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BUSINESS
January 30, 2008 | From the Associated Press
Court oversight of Microsoft Corp.'s market dominance, which began with a 2002 landmark antitrust settlement, was extended Tuesday for two years. A federal judge ruled that a consent decree enforcing the settlement would remain in effect until November 2009. A group of 10 states, led by California and New York, had requested that the oversight be extended until November 2012. The court's ruling "should not be viewed as a sanction against Microsoft," U.S.
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NATIONAL
November 18, 2006 | From Reuters
The Pentagon will ask Congress for $115 million to build a court complex at its Guantanamo Bay military base in Cuba to try suspected Taliban and Al Qaeda members on war crimes accusations, a Defense Department spokesman said Friday. The Pentagon will propose a complex that includes a courthouse with two large courtrooms and a high-security area as well as housing for legal personnel, dining areas, a media center and other infrastructure, according to Navy Lt.-Cmdr.
SPORTS
August 16, 2004 | From Times Staff and Wire Reports
Kobe Bryant is due in Eagle County, Colo., court today, his final appearance before jury selection in his felony sexual assault trial begins Aug. 27. Most of the matters to be addressed by the court are procedural -- and many legal analysts are predicting that what happens probably will, within days, become moot. Amid a series of recent prosecution setbacks, speculation is rampant that the case against the Laker star may soon be dropped.
SPORTS
January 13, 2004 | Steve Henson, Times Staff Writer
Attempts to keep an upcoming hearing in the Kobe Bryant sexual assault case open to the public were attacked by three separate entities in court filings made public Monday. Attorneys for the prosecution, Bryant's accuser and a victim's advocacy center asked Judge Terry Ruckriegle to close a Jan. 23 hearing that is expected to include testimony pertaining to whether the alleged victim waived privacy rights surrounding two reported suicide attempts in the last year.
NEWS
May 8, 1996 | From Associated Press
It is a 21st century courtroom, almost intimate in scale, that looks as if it were made for TV. Its walls are a neutral gray and the desktops a cool off-white, each with a recessed video monitor. The chairs are bright blue, echoed in an accent panel behind the bench. In this quiet, human-scale room in The Hague, trial began Tuesday for Dusan Tadic before the International Criminal Tribunal for the Former Yugoslavia. And cable's Court TV is there to cover it.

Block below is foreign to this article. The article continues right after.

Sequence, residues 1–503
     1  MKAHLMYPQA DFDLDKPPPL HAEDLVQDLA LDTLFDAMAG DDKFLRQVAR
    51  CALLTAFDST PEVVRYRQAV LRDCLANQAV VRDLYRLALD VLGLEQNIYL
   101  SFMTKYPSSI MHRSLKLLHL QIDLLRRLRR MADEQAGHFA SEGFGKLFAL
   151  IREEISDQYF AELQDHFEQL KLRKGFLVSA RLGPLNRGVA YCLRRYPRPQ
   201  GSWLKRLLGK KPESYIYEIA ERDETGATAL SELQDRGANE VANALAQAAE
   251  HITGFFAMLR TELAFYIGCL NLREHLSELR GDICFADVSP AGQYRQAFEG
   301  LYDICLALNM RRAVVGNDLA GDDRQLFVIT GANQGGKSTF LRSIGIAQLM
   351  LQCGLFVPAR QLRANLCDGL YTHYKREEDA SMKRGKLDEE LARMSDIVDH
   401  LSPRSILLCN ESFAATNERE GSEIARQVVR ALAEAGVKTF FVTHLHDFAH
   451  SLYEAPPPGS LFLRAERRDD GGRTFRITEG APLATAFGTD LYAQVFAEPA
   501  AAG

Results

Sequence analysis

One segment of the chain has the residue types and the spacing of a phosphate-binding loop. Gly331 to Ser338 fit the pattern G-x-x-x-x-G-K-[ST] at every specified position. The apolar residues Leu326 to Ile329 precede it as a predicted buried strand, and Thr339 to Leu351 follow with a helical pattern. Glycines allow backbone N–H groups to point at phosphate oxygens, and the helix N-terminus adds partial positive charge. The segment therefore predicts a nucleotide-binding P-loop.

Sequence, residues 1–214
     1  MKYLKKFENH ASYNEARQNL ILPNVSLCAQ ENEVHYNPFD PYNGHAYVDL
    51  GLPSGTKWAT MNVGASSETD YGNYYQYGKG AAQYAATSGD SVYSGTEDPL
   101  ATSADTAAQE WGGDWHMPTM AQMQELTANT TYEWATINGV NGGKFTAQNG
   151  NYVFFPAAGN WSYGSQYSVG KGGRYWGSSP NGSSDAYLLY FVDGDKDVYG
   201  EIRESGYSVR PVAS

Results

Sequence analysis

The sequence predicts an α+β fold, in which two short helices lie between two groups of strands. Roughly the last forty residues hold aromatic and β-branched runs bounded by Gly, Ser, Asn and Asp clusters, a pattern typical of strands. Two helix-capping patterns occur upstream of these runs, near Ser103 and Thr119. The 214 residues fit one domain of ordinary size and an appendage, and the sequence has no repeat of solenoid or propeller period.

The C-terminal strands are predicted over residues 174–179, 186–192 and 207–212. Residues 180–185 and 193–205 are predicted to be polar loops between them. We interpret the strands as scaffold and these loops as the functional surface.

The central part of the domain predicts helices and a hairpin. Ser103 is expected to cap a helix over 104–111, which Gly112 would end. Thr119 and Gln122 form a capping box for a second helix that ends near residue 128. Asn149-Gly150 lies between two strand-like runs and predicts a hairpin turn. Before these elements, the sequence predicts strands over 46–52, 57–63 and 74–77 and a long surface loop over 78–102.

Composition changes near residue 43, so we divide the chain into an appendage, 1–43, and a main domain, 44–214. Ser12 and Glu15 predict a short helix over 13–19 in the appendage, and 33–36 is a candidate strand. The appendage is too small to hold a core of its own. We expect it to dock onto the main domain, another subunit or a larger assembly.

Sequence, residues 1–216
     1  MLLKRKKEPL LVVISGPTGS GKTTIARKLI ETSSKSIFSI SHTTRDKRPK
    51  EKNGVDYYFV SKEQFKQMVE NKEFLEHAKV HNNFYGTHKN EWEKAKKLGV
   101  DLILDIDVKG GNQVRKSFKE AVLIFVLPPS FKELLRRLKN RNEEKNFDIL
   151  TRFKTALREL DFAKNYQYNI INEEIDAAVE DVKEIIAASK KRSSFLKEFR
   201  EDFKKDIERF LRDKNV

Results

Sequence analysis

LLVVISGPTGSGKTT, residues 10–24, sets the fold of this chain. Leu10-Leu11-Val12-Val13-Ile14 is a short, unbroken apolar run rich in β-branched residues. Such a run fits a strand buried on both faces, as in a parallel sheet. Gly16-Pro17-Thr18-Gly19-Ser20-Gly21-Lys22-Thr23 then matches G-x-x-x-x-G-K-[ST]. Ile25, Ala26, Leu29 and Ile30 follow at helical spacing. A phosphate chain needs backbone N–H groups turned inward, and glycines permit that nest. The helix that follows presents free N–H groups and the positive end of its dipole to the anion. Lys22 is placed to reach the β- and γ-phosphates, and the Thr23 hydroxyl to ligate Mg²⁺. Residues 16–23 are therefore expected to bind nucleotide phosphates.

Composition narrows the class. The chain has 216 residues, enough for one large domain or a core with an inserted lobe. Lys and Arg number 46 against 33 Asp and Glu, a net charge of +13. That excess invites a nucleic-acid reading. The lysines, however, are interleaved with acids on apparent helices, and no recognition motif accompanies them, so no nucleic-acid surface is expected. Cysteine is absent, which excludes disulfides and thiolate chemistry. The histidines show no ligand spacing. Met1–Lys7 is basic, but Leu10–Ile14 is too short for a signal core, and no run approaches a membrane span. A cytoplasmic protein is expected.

NEWS
September 28, 2006 | From Reuters
Model Naomi Campbell failed to show up in a New York City courtroom Wednesday on charges of attacking her housekeeper and the judge said he would order her arrest if she didn't make it for her next court date on Nov. 15. Campbell, 36, faces charges of second-degree assault and could be jailed for up to seven years if convicted.
CALIFORNIA | LOCAL
July 9, 2003 | From Times Staff Reports
The county's courts suffer from bloated management, poor morale and a rift between judges and managers that lingers five years after the state ordered municipal and superior courts to consolidate, according to a review by the National Center for State Courts in Denver. The draft review surfaced Tuesday as 250 employees protested in front of the Central Justice Center in Santa Ana that they had not received 4% pay raises that had been promised.
NEWS
October 11, 2001 | From Times Wire Reports
Iranian President Mohammad Khatami has issued a rare warning to the hard-line judiciary to stop prosecuting reformist members of parliament, the official Islamic Republic News Agency reported. Hard-line courts regularly summon outspoken reformist parliamentarians and have sentenced at least three to prison. "It is part of [the members of parliament's] duties to freely express their opinions, and they must be immune from prosecution," Khatami said in a letter to the judiciary chief.
WORLD
February 7, 2003 | From Times Wire Reports
Colombia's civilian courts will take over from military investigators a case that has strained U.S.-Colombian relations -- the killings of 17 civilians, allegedly by a bomb dropped by the Colombian military. The Superior Judicial Council made the ruling after the United States cut off aid last month to the Colombian air force unit involved. The military investigation had languished for four years.
NATIONAL
June 17, 2005 | From Times Wire Reports
The state's highest court unanimously upheld a ban on cameras in the courtroom, concluding the ban did not violate constitutional rights. Court TV had sought to end the ban, arguing it infringed on the public's right of access to the courts and the press's freedom to cover court proceedings. "In New York state, the decision whether or not to permit cameras in the courtroom is a legislative prerogative," Judge George Bundy Smith wrote in the decision issued in Albany.
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